For more info on this bridge: https://bridgehunter.com/ia/boone/boone-valley-high/



  2010, photo by Jerry Huddleston







  Ebay seller paper-traders3



Britt
Britt is ~105 miles north of Des Moines and 30 miles west of Mason City - about 23 miles west of I-35 exit 194, which is also an exit for Mason City.
There was a diamond here between the CMStP&P (the Milwaukee Road) and the M&SL.

Ebay seller skurfanpostcards





Burlington







Buxton

Ebay seller skurfanpostcards



Burlington - BNSF Vertical Lift Bridge




When it was the CB&Q Bridge over the Mississippi



Cedar Falls





Cedar Rapids - Union Station

1898, from Wikipedia, Charles B Armstrong

Ebay seller for_petes_sake17

Ebay seller spinach-eater

  Ebay seller popcornjohn




Cedar Rapids - Other



Ebay seller pstcardman2014

Ebay seller disney-luver
Notice the left hand traffic which was standard on the CNW

  Ebay seller wscoop



Cherokee





Clarence

Ebay seller motka1



Clinton - UP Bridge over the Mississippi


August 23rd, 2014, photo by Bill Kane
I can't clearly see the date on the bridge, but it looks to be somewheres around 1903 or 1908......

Back when the CNW owned the Bridge




Clio





Council Bluffs







Creston



Ebay seller njrtsr



Decorah





Des Moines


Union RR bridge in Des Moines,  photo by Thad Roan


Dubuque - CN over the Mississippi

  https://www.johnweeks.com/river_mississippi/pagesA/umissAR03.html

  Ebay seller motkal


Earlville
Earlville is 30 miles west of Dubuque, and 55 miles east of Waterloo on US 20.

Ebay seller skurfanpostcards





Epworth
Epworth is 14 miles west of Dubuque.

Ebay seller skurfanpostcards





Estherville
Estherville is 85 miles northwest of Mason City.

  Ebay seller verdepaper





Everly
Everly is 72 miles northeast of Sioux City.

Ebay seller skurfanpostcards





Fayette

  Ebay seller pratercollectibles







Glidden

  Ebay seller dakotatreasurehunter



Grinell





Grundy Center
Grundy Center is 23 miles southwest of Waterloo.

Ebay seller skurfanpostcards





Hartley

Ebay seller skurfanpostcards



Haskins
Haskins is 23 miles due south of Iowa City.

Ebay seller skurfanpostcards





Hawkeye

Ebay seller skurfanpostcards

Ebay seller skurfanpostcards



Hepburn

Ebay seller skurfanpostcards



Holstein

Ebay seller skurfanpostcards



Huxley

The Fort Dodge, Des Moines & Southern Rwy and Chicago, Milwaukee & St Paul RR used to have tracks passing through town.

From the air, you can still see where "a" diamond and interchange used to be, altho it is not the one shown on the USGS Map......  To the east of town, part of the R-O-W is used for the Heart of Iowa Nature Tail.  When I came thru in 1998/1999 to visit a customer, there was nothing around to see except for trees.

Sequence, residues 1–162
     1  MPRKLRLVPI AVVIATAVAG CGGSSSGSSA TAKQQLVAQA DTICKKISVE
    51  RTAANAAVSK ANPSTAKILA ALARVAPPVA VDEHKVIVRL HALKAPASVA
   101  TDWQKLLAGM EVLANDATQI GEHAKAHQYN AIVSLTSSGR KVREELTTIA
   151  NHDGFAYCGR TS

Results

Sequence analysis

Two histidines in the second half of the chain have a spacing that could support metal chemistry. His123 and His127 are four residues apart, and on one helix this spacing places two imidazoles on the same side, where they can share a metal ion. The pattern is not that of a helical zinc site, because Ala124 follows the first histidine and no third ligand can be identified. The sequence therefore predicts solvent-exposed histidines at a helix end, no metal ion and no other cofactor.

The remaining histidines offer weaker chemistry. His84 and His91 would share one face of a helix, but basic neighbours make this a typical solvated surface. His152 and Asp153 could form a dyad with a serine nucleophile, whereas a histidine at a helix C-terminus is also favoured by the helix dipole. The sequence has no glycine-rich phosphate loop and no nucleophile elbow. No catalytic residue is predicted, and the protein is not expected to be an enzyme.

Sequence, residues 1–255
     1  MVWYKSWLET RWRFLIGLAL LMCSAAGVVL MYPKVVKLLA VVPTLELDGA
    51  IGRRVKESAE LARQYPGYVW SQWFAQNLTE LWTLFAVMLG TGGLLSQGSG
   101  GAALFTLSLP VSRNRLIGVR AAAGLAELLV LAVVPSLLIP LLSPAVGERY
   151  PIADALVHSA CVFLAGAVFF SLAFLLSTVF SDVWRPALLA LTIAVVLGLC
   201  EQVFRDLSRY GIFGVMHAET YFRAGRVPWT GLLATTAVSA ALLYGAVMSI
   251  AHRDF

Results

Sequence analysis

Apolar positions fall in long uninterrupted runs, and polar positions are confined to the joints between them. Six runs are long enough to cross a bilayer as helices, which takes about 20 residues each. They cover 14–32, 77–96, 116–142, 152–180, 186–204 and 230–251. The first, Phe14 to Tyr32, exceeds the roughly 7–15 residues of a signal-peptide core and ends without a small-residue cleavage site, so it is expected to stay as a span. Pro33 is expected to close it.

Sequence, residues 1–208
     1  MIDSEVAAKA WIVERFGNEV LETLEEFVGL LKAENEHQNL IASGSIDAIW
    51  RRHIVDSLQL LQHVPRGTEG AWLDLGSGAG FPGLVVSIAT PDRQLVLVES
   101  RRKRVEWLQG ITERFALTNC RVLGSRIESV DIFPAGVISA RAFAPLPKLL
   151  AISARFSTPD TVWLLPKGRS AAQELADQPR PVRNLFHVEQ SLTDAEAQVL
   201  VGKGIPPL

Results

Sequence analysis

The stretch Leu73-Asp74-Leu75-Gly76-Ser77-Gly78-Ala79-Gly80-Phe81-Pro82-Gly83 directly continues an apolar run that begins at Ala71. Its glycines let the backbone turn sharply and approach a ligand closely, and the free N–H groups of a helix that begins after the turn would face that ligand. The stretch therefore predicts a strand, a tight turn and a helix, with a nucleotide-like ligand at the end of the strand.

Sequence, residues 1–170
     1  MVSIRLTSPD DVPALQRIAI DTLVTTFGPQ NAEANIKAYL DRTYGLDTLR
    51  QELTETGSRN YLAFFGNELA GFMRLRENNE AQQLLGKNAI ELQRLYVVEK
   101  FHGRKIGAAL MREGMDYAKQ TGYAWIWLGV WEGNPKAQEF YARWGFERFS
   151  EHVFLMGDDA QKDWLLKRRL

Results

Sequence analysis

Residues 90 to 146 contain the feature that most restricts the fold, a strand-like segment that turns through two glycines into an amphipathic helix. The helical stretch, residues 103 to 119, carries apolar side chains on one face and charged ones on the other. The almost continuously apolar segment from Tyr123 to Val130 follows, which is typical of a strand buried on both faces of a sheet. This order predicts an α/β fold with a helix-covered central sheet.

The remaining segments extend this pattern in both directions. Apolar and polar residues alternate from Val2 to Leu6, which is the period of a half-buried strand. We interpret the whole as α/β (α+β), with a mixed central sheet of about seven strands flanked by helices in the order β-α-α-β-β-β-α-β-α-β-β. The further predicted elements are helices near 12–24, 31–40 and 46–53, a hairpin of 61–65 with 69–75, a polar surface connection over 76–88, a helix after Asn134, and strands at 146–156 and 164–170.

Ionia

Ebay seller skurfanpostcards



Iowa City

These pictures from 1999 are from a business trip I took to Iowa City to work at the radio "place" formerly known as Collins Radio, now Rockwell-Collins.  The office I visited was next door to the former headquarters of the trucking company we see all over the place, Heartland Express, altho they relocated to North Liberty IA.  The street name they were on?: Heartland Drive!  This reminds me that I should do a guide for Iowa City..... :-)



















Jewell Junction

Ebay seller skurfanpostcards



Joice

Ebay seller skurfanpostcards



Keystone
Keystone is 27 miles west of Cedar Rapids.

Ebay seller skurfanpostcards





Lake Park

Ebay seller skurfanpostcards



Lorimar

Ebay seller skurfanpostcards



Lost Nation

  Ebay seller motka1



Luther





Lytton

Ebay seller skurfanpostcards



Manly

Ebay seller skurfanpostcards



Manning - CM&StP RR Bridge



Ebay seller skurfanpostcards



Maple Hill

Ebay seller skurfanpostcards



Marion

Marion is a town on the northeastern periphery of Cedar Rapids.

  photo from the IADOT

Ebay seller thejumpingfrog



Marlan





Marshalltown





Mederville





Milford

Ebay seller skurfanpostcards



Nashua

  Ebay seller shoplj



Nevada





New Market

Ebay seller skurfanpostcards



Niotaze

Ebay seller skurfanpostcards



Oakville - Keithsville Lift Bridge


http://johnmarvigbridges.org/Keithsburg%20Lift%20Bridge.html

The Iowa Central reached this area in 1886, building a bridge across the Mississippi River at Keithsburg the same year.  The Iowa Central became part of the Minneapolis & St. Louis Railway in 1902, who used this line to access Peoria. M&StL became part of the Chicago & Northwestern Railway in 1960.  C&NW used this bridge until 1971, when they sold the tracks to the Great River Railroad from Winfield to Keithsburg, who couldn't turn a profit on this line. The line sat unused until the late 1970s when the tracks were finally removed.  Today, the Mississippi River Bridge is abandoned missing a span (it collapsed in a fire in 1981) and the rest of the line is gone other than some bridges.